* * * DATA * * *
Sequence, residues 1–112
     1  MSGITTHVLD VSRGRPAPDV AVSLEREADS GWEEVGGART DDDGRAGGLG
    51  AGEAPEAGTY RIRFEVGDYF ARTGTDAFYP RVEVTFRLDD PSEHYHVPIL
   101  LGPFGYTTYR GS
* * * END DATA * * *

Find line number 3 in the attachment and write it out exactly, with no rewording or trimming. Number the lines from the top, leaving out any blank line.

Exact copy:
    51  AGEAPEAGTY RIRFEVGDYF ARTGTDAFYP RVEVTFRLDD PSEHYHVPIL